We describe the design and evaluation of a geometric interaction technique for bare-hand mid-air virtual pottery. We model the shaping of a pot as a gradual and progressive convergence of the pot-profile to the shape of the user's hand represented as a point-cloud (PCL). Our pottery-inspired application served as a platform for systematically revealing how users use their hands to express the intent of deformation during a pot shaping process. Through our approach, we address two specific problems: (a) determining start and end of deformation without explicit clutching and declutching, and (b) identifying user's intent by characterizing grasp and motion of the hand on the pot. We evaluated our approach's performance in terms of intent classification, users' behavior, and users' perception of controllability. We found that the expressive capability of hand articulation can be effectively harnessed for controllable shaping by organizing the deformation process in broad classes of intended operations such as pulling, pushing and fairing. After minimal practice with the pottery application, users could figure out their own strategy for reaching, grasping and deforming the pot. Further, the use of PCL as mid-air input allows for using common physical objects as tools for pot deformation. Users particularly enjoyed this aspect of our method for shaping pots.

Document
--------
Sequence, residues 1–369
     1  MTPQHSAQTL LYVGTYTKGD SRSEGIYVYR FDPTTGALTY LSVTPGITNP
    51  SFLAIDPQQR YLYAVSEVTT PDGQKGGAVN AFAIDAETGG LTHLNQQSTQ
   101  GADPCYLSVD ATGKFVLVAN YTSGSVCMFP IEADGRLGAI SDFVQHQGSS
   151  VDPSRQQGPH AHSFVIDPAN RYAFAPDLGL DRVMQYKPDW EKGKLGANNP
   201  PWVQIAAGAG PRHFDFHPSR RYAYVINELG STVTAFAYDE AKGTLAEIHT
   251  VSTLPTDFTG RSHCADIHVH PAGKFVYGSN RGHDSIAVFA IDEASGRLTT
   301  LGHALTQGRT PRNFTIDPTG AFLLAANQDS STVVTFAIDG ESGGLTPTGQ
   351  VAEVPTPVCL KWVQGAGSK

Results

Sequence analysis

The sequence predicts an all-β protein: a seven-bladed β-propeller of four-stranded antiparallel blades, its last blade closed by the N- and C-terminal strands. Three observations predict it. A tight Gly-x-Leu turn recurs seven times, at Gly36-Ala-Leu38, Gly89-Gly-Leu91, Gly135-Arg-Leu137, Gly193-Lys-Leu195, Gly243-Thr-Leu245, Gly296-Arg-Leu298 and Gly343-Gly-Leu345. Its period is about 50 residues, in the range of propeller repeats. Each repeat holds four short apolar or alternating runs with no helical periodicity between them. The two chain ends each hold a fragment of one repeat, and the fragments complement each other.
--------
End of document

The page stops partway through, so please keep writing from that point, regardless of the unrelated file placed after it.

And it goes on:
Learning for search, design, and simulation

Learning style similarity for searching infographics BIBAFull-Text 59-64
  Babak Saleh; Mira Dontcheva; Aaron Hertzmann; Zhicheng Liu
Infographics are complex graphic designs integrating text, images, charts and sketches. Despite the increasing popularity of infographics and the rapid growth of online design portfolios, little research investigates how we can take advantage of these design resources. In this paper we present a method for measuring the style similarity between infographics. Based on human perception data collected from crowdsourced experiments, we use computer vision and machine learning algorithms to learn a style similarity metric for infographic designs. We evaluate different visual features and learning algorithms and find that a combination of color histograms and Histograms-of-Gradients (HoG) features is most effective in characterizing the style of infographics. We demonstrate our similarity metric on a preliminary image retrieval test.
Efficient trajectory extraction and parameter learning for data-driven crowd simulation BIBAFull-Text 65-72
  Aniket Bera; Sujeong Kim; Dinesh Manocha